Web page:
For reasons that are beside the point... Stop! If they are beside the point, why evoke them? The reason that does come to the case is that lately I have breakfast with my mother, in the kitchen of her house. He likes to listen to the radio on a transistor even though he has the app on his mobile. Nostalgia for interference.
One of these mornings I found her sitting listening to this: "... public policies aimed at achieving the global common good as opposed to the promotion of the general interest understood only as the addition and subtraction of particular interests". Oh my God? Left-wing? The coffee water came to a boil at the moment in which the announcer promoted "the listening of the impoverished of the earth".
The general interest is not only the addition and subtraction of particular interests
I thought that Sumar's "listening process" had gone too far and that the same people who transformed empty Spain into emptied Spain had exchanged the poor of the earth for the impoverished. At the end of the program I left doubts: it was not the gloss of an act of the Commons (or of the communists) but of a recent "document". Its author? Marina Garcés? No, the Episcopal Conference. Title? The faithful God keeps his covenant. Style? Between Heidegger and Vistalegre I.
One of the most repeated words in that writing – like the character of Don Quixote, one ends up reading even "the torn papers of the streets" – is hope. The sum of mother and hope led me to John Berger. For two interferences: The Vicereine of Barcelona dedicates an exhibition to him and Alfaguara has just published an anthology of essays: Why we look at animals.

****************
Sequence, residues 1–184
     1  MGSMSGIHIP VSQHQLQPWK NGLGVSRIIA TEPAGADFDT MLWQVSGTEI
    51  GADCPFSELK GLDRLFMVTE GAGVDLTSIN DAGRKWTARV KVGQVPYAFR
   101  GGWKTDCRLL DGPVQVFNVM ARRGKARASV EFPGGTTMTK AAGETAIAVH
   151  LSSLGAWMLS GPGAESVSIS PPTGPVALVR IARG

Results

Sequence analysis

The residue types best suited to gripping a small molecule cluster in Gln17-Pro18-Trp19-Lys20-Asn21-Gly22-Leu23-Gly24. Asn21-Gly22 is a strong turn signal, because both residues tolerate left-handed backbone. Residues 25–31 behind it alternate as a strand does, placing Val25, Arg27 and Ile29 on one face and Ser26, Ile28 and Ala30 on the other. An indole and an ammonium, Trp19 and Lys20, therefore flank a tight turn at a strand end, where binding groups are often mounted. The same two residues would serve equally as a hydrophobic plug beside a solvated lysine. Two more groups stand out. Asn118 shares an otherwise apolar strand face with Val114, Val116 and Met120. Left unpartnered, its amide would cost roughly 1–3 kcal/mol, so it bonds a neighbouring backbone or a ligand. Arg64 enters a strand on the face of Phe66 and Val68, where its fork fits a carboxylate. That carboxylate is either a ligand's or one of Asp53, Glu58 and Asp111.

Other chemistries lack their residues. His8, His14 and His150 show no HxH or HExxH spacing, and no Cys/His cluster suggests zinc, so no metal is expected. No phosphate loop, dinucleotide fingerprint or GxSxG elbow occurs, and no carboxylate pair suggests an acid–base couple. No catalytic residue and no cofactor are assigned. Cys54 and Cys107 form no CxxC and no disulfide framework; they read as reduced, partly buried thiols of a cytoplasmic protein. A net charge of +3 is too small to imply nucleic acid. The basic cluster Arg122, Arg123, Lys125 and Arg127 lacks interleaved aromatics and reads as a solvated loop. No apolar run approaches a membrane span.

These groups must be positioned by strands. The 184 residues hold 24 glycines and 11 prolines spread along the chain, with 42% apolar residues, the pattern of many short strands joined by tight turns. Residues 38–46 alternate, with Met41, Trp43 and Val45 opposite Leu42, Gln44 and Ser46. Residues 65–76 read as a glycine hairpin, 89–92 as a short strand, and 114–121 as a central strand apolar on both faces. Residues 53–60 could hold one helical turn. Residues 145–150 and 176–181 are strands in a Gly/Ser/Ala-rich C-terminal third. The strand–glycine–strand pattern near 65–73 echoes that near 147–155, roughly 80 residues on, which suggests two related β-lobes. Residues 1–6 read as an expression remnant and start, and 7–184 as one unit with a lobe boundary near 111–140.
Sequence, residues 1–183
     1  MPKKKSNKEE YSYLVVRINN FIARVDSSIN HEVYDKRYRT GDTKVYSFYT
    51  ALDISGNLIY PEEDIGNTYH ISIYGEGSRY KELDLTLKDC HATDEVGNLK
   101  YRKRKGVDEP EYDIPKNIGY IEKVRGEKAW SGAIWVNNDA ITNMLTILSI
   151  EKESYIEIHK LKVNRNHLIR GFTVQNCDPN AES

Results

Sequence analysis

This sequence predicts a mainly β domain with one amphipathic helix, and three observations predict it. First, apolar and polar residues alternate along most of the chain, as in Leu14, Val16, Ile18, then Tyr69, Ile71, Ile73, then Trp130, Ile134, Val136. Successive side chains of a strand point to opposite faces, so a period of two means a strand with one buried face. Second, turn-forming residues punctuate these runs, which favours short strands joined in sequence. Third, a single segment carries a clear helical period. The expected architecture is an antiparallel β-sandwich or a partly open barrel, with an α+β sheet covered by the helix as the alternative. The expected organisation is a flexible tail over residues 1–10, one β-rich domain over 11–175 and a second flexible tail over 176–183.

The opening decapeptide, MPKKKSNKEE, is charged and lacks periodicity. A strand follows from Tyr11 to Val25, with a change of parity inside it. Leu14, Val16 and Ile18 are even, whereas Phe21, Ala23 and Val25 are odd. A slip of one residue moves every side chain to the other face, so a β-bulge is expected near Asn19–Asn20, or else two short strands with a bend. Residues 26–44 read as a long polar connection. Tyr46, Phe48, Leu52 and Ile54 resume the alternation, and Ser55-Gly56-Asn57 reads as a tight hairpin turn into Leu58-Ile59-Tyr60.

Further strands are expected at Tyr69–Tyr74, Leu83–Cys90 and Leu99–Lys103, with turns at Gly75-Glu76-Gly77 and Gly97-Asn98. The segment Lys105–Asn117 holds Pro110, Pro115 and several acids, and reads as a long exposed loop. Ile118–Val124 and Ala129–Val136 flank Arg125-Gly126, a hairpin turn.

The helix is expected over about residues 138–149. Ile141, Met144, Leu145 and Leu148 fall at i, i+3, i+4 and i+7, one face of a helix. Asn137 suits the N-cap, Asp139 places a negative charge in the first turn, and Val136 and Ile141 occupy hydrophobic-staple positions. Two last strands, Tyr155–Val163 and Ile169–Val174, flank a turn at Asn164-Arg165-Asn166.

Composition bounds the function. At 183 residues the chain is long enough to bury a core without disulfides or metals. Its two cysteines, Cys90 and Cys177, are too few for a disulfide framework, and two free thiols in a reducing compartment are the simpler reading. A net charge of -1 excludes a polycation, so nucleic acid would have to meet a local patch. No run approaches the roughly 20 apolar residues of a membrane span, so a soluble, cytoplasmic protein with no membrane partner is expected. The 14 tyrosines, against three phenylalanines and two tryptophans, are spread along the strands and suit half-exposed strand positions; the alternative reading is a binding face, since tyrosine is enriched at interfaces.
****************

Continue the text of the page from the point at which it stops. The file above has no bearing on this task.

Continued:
Berger was one of those writers capable of being pessimistic without being cynical and optimistic without being naïve. In fact, to the optimism-pessimism dichotomy, he preferred hope-hopelessness. For more committed and less Manichean. In Here We See Ourselves, one of his last novels (and not his best), the narrator talks to his mother, who is dead. "Hope is a huge magnifying glass, that's why it doesn't allow you to see into the distance," she tells him. "Let's wait only for what has any chance of being achieved. Let's repair something. A little is a lot. One thing repaired can change a thousand." Faced with the skepticism of the son, who prefers revolution, he gives an example that today would not pass the micromachismo detector, but it is revealing: "That dog down there is tied with a chain too short. Change it, put a longer one. Then he will be able to reach the shadow and he will lie down and stop barking. And the silence will remind the mother of the house that she wanted to have a canary in a cage in the kitchen. And when the canary sings, it will iron more. And when he puts on his ironed shirt to work, the father's shoulders will hurt less. So when he comes home he will joke, as he used to, with the teenage daughter. And the daughter will change her mind and decide, for once, to take her boyfriend home for dinner. And again when he goes, the father will propose to the young man to go fishing together ... Who knows what can happen? Just change the chain." Amen.
Subscribe to continue reading
Read without limits
I'm already a subscriber